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一個好人 (1997)
Mr. Nice Guy

Reviewed by: MrBooth
Date: 11/08/2010
Summary: For fans only

There's a lot to fault in Mr. Nice Guy - the plot is execrable, the acting appalling, and much of the comedy wouldn't be out of place in an episode of The Benny Hill Show (yes, that's a fault). What redeems it - slightly - is some great action scenes from Sammo & Jackie. It's all very familiar, much of it rehashed from earlier Jackie films, but still executed with his inimitable skill and style, and on a relatively high budget. It's thoroughly shallow and disposable, but provided you don't try and take it seriously - think of it as a kid's film, perhaps - it's not unpleasant to watch.

Reviewer Score: 4

Reviewed by: dandan
Date: 03/08/2006
Summary: well, it's okay...

sammo hung's attempt at an english language jackie chan vehicle. although i watched the old mei-ah asian cut, which is ten minutes longer, but dubbed in cantonese...

this film has a pretty run of the mill - jackie is a nice guy who gets caught up with someone who's in trouble with a bad crowd - story, but a few pretty good fight sequences thrown in, which is a good thing.

unfortunately, there's a few sequences which have crappy editing and corn-ball visual effects that just ruin the flow of the sequence and cheapen it's effect massively.

all in all, i didn't really notice what the extra ten minites was filled with, but it has been a while since i saw the regular version at the cinema. it's a pretty entertaining film, but it's a bit annoying as it could've been a lot better.

Reviewed by: Libretio
Date: 10/20/2005
Summary: Slick but superficial entry

MR. NICE GUY (1997)

Aspect ratio: 2.39:1 (Anamorphic)
Sound format: Dolby Digital

This reviewer hasn't seen New Line's re-edited 88 minute version of Sammo Hung's MR. NICE GUY, though reports suggest it's the usual cut 'n' paste abomination. Which is surprising, really, because the original film - a feebly plotted thriller with comic asides, in which a high-kicking TV chef (Jackie Chan) is hounded by a villainous drug baron (Richard Houghton) who's searching for an incriminating videotape - couldn't be simpler. Plot and characterizations are purely incidental to the main business of hurling Chan head first into a series of explosive situations that require lavish displays of physical skill and dexterity.

The film's technical construction is beyond reproach: Despite an over-reliance on irritating slow-motion inserts, Hung weaves a dynamic visual tapestry, due mainly to the breathtaking skills of cinematographer Raymond Lam and editor Peter Cheung, and he invests the threadbare narrative with an energy that will leave most viewers wide-eyed with disbelief. Stunts and fights develop organically within some of the most unlikely surroundings, the highlight being a battle royale on top of a runaway horse-and-carriage hurtling through the streets of Melbourne, taking full advantage of the wide anamorphic frame (if you can't see this one in widescreen, don't bother). It's nice, too, to see some good western actors in a HK film (Gabrielle Fitzpatrick distinguishes herself as a gutsy journalist whose damning videotape provides an excuse for all the ensuing mayhem), though this probably has more to do with Golden Harvest's contractual obligations to the American distributors than anything else.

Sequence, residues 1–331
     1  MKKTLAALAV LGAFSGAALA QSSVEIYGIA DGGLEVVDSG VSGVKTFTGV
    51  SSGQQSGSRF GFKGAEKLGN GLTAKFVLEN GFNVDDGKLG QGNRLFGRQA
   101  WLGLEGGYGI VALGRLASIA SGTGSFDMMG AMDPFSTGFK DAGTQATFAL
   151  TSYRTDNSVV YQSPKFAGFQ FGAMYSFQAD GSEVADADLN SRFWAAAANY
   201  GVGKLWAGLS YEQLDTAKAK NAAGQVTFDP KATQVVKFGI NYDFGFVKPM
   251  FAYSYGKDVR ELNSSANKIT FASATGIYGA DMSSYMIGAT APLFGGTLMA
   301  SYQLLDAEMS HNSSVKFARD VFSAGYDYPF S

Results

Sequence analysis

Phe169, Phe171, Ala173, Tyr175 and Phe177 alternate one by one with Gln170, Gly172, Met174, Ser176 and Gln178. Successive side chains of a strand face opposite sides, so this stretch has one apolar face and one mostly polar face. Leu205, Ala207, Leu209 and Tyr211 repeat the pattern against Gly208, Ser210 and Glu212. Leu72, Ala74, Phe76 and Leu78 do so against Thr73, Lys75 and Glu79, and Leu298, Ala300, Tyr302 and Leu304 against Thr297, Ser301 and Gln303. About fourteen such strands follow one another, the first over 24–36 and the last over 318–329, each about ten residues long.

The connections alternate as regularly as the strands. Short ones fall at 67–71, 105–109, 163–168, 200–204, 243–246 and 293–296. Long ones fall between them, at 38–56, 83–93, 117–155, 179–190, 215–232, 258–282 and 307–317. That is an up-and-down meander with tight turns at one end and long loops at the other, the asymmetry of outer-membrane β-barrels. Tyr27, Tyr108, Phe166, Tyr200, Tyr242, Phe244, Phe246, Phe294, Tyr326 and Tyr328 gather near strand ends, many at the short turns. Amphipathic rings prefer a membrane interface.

But for all its gusto, MR. NICE GUY is a bit of a disappointment. It could be argued that many fans are only interested in the death-defying set-pieces, but Chan no longer seems able to reconcile his penchant for incredible stuntwork with the narrative complexities that typified so many of his earlier productions. Nevertheless, if you can forgive the casual, unfunny brutality which mars the otherwise upbeat tone - women are knocked about and abused with alarming regularity throughout the film - there's still much to enjoy in this glossy effort, even if it fails to engage the audience on anything more than a purely superficial level.

Reviewer Score: 4

Reviewed by: Masterofoneinchpunch
Date: 09/12/2005

Mr. Nice Guy (aka No More Mr. Nice Guy) was the third film Jackie did in Hong Kong after the success from Rumble in the Bronx and the first film that was directed by fellow brother Sammo Hung since 1987's Dragons Forever. Jackie was happy about this reunion since they were not on good terms for several years.

Jackie stars as a chef, with prestigious martial art ability, who is part of a chef troupe in Melbourne Australia with Baggio (Barny Otto) and Lakeisha (Karen McLymont). He accidentally intervenes between a fleeing reporter named Diana (Gabrielle Fitzpatrick who had a reoccurring role in NYPD Blue) who has an incriminating tape and two rival criminal organizations who are on that video. She then accidentally switches tapes with one of his cooking shows in Jackie’s car when they were fleeing the mob. Some well-documented goofs with the tape are: the tape is the ubiquitous VHS standard (which a camera person would not use) and when the tape is shown it displays the same omnipresent footage that the film had (including the multi-angle cuts and close-ups.)

The two criminal organizations include a bad acting, Rumble in the Bronx rip-of, gang of thugs who do not resemble criminals named the Demons and an Australian mob led by the cigar munching, overacting, coke-dealing, neat freak, tie slapping Giancarlo (Richard Norton) who happens to be a proficient martial artist too. There is animosity between the two groups because the Demons stole cocaine from the mob. The campyness of the criminals worked for me in Rumble in the Bronx but they annoyed me in this film, probably because of the overabundance of drama. Though I do enjoy when they (though mostly Jackie Chan’s stunt team) get beat up by Jackie. For fun I try to spot Jackie’s stunt team during the fight scenes. It is harder to find them in this film (good editing) than in Armour of God’s Amazon women fighting scene.

Jackie’s fiancé Miki (Miki Lee a Taiwanese singer) arrives to stay with Jackie for awhile. She is a bit jealous of his friendship with Lakeisha and she is eventually held hostage by both the Demons. They want the tape and he wants her. They broker a deal to meet at the Golden Garden construction site for the exchange after the first attempted barter went wrong because of stupid cops. However, the mob will be there too. This leads up to the awesome penultimate fight scene.